JUST WEEKS ahead of its relaunch into the Australian market, Genesis has received a huge boost, claiming top spot in the JD Power Initial Car Quality survey. Yes, it’s a survey of American owners who, let’s face it, aren’t world-renowned connoisseurs of luxo touch and feel but if there’s one thing the Yanks value, it’s reliability. That and 99c deep-fried mechanically recovered meats.
Generally we expect Japanese brands such as Lexus and Toyota to feature at or near the pointy end of the JD Power surveys, but this year’s result has turned its gaze westwards a little, with three South Korean marques hogging the podium places. Genesis looks down on everything else.
This survey solely looks at early problems encountered in the first 90 days of ownership. In other words, those niggles and issues that can take the shine off your new car experience rather than ongoing issues that only raise their heads years down the track. It’s expressed in the amount of problems per 100 vehicles in that initial three month spell, and a single lemon vehicle can contribute to a number of faults.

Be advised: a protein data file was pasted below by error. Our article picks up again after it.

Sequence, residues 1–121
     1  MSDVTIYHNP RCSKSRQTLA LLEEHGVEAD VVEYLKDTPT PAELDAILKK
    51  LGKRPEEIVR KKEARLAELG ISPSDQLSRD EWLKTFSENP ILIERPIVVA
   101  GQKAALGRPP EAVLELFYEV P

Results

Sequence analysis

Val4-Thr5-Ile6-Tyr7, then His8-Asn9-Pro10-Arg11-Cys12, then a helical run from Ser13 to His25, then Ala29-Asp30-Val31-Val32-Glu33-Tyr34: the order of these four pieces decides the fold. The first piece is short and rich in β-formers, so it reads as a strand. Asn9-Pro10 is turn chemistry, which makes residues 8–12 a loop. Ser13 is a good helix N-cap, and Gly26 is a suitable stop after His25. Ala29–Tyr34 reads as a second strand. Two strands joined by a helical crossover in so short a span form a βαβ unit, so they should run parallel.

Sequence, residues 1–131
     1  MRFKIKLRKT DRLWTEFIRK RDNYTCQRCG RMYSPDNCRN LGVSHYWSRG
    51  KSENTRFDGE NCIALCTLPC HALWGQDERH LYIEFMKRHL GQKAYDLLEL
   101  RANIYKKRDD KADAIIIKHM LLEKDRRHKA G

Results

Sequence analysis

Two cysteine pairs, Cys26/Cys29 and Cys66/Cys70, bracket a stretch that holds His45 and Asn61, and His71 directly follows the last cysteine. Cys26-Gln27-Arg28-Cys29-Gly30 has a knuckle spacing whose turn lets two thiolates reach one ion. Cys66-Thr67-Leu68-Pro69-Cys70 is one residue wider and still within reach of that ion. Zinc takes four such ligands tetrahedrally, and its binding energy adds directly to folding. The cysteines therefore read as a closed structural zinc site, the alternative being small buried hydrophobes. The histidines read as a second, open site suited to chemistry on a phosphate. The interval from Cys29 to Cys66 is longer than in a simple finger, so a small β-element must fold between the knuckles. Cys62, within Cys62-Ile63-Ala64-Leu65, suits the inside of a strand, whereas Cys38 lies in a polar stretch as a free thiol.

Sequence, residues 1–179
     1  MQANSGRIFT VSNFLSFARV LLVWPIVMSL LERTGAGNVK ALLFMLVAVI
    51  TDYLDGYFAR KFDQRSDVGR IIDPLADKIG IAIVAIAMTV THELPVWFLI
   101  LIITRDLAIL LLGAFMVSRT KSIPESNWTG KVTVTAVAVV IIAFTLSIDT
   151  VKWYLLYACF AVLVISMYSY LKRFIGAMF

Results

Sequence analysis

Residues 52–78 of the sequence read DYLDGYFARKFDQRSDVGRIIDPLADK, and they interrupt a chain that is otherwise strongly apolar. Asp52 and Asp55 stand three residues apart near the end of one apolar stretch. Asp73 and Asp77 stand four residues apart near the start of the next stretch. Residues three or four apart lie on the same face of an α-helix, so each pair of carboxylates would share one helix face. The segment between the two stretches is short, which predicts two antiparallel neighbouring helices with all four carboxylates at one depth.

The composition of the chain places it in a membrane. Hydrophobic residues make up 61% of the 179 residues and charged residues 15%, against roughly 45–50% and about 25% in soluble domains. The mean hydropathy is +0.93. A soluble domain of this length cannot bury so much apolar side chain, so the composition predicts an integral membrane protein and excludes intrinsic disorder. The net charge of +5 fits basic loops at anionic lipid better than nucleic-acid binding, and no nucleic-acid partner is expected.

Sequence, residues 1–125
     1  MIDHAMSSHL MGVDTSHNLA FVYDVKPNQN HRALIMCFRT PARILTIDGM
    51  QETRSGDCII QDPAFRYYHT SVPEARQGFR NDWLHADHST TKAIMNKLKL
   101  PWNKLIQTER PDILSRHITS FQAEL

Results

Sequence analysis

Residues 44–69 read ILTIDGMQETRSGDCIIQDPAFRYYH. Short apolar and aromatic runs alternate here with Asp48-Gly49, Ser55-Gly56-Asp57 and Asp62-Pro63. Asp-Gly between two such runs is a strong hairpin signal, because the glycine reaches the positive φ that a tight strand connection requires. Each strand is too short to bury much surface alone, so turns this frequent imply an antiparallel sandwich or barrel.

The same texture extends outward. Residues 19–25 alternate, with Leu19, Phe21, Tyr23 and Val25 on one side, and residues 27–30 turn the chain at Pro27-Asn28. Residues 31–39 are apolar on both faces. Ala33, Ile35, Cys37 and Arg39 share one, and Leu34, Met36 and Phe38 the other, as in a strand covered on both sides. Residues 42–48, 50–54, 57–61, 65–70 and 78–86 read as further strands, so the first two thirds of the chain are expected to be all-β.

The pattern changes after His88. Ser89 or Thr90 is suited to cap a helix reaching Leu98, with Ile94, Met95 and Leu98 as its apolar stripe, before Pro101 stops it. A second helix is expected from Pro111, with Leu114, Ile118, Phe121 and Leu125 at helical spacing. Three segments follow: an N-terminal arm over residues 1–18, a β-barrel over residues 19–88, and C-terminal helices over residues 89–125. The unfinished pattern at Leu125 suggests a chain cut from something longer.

The average number of faults per 100 cars was 93. Genesis enjoyed the lowest number of faults at 63 per 100 vehicles, with Kia coming second at 70 and Hyundai virtually lineball at 71. Somewhat surprisingly, the next three brands were Ford, Lincoln and Chevrolet, demoting the best of the Japanese – Nissan – to seventh spot. Dodge, Lexus, Toyota and Buick all scored better than average.
We don’t have an equivalent survey here in Australia and many of the cars sampled aren’t offered in Australia or, if they are, are sometimes built in different factories, so treat the results with a grain or two of salt. That said, it probably won’t come as a huge surprise to find Jaguar at the bottom, Land Rover just above it, and Alfa Romeo fourth from last. Having Mitsubishi sandwiched between Alfa and Land Rover would probably raise a few eyebrows though.
Upscale German brands such as BMW, Audi, Mercedes-Benz, Porsche and Volkswagen all feature in the bottom half of the table. Marques most would expect to fare well such as Honda, Infiniti, Subaru and Mazda also languish below the average line. Mazda did enjoy some good news, however, with the brand being the biggest improver over last year, reducing its fault score by 25 per 100.
The most reliable car model rather than marque in the entire survey was the Porsche 911, so Zuffenhausen has something to cheer about. But it’s the Koreans who will really be popping the champagne corks. Look out for our full drive review on the Genesis G70 – the car that really leads the charge for Hyundai’s revitalised luxury arm in Australia – on Monday at whichcar.com.au/wheels